The jobs numbers have been crunched and re-crunched, and it turns out that the U.S. economy added an average of 181,000 jobs per month in 2012. That's a faster rate than in 2011 or 2010.

But it's also relatively sluggish, given the deep, deep hole the economy is still in. If the United States keeps adding 181,000 jobs per month, then it will take nine years and three months to get back to full employment, according to the Hamilton Project's jobs calculator:

Where does that number come from? Right now, there are 12.3 million unemployed Americans. When the economy was running at full blast at the end of 2007, there were just 7.7 million unemployed — in transition or switching between jobs, say. But on top of that, the population also keeps growing, currently adding about 88,000 new people to the labor force each month.

Put all that together, and it will take about 9 years to close the "jobs gap" — to get back to the ratio of payrolls to working-age population that prevailed back in December 2007.

With faster jobs growth, the country could get back to full employment even quicker. The Hamilton Project calculates that we could close the jobs gap entirely by the 2016 election if the economy added 321,000 jobs per month. The problem? That was the average rate for the best single year of job creation during the 1990s dot-com boom. Hard to envision now.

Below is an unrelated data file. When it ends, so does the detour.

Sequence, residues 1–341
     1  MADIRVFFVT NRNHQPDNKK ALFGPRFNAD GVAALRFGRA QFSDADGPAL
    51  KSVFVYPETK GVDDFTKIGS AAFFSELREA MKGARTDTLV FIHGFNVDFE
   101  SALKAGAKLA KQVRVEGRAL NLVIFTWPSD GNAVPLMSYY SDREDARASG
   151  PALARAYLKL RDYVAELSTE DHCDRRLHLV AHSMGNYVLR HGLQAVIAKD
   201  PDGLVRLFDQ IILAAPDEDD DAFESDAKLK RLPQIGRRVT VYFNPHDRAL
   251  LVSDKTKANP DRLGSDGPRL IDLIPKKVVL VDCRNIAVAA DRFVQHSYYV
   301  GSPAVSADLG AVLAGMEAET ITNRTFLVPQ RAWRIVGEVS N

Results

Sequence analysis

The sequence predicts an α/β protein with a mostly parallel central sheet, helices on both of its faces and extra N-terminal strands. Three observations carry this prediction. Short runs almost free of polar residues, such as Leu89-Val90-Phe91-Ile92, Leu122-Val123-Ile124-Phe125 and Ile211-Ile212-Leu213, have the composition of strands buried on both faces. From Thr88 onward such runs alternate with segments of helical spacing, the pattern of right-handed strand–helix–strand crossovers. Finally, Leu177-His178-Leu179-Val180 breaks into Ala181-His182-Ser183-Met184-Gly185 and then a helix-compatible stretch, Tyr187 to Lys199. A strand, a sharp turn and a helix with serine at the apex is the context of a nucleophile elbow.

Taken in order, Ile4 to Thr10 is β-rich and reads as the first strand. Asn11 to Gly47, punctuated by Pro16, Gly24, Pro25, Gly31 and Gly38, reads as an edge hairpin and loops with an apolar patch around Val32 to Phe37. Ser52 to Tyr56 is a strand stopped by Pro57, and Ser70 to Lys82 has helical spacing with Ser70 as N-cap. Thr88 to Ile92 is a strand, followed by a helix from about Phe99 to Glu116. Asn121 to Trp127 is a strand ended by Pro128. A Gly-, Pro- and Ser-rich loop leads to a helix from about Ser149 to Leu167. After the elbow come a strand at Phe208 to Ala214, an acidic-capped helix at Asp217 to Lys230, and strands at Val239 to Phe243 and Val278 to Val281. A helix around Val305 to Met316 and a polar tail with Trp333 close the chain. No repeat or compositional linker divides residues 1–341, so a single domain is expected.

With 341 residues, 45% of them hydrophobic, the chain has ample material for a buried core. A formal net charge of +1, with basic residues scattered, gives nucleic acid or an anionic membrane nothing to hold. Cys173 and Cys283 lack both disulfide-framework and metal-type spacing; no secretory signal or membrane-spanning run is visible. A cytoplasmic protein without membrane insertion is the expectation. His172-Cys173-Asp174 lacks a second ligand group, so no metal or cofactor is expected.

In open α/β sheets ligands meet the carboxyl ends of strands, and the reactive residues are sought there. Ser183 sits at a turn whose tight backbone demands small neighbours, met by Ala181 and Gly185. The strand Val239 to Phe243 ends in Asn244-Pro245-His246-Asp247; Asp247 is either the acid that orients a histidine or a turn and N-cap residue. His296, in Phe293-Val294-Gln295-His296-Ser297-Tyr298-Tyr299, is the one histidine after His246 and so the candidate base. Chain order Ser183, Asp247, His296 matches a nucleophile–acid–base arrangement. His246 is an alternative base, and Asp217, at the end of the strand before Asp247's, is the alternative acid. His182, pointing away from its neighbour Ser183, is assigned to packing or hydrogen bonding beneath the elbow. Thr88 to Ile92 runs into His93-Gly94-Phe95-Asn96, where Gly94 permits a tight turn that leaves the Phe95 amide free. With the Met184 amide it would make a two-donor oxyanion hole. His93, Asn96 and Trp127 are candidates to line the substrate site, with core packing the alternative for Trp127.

It's also possible to quibble with Hamilton's assumptions. Their analysis is very sensitive to how quickly the U.S. labor force will expand in the years ahead. If older Americans retire at a faster rate than expected or the population grows more slowly, then it might take even less time to get back to full employment at the current pace.

The length of time also depends on what happens to all of the country's discouraged Americans who have currently stopped looking for work altogether. If those workers start scanning ads once again and sending out résumés, that will mean the U.S. labor force will expand more rapidly. That would mean it would take even longer to close the jobs gap, since there are even more people looking for work. But it would also, paradoxically enough, be a sign of a healthier economy.